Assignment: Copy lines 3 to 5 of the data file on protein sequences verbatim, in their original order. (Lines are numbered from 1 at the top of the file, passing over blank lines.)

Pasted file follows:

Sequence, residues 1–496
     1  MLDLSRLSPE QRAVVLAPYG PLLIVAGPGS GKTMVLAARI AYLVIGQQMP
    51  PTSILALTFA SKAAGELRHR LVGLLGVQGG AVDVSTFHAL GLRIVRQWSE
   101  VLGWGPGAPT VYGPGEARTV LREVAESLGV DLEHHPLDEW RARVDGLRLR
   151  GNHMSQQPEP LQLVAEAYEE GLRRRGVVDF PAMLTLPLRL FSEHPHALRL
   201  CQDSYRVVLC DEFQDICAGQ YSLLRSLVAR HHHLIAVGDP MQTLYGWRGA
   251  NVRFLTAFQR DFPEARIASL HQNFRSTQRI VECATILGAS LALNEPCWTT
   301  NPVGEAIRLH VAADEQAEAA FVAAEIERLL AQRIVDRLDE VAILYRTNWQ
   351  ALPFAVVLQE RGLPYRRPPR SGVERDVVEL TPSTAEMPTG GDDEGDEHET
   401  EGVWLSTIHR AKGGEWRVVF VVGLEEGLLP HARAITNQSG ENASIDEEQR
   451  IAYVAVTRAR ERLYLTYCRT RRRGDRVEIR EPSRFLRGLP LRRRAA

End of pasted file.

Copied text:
    51  PTSILALTFA SKAAGELRHR LVGLLGVQGG AVDVSTFHAL GLRIVRQWSE
   101  VLGWGPGAPT VYGPGEARTV LREVAESLGV DLEHHPLDEW RARVDGLRLR
   151  GNHMSQQPEP LQLVAEAYEE GLRRRGVVDF PAMLTLPLRL FSEHPHALRL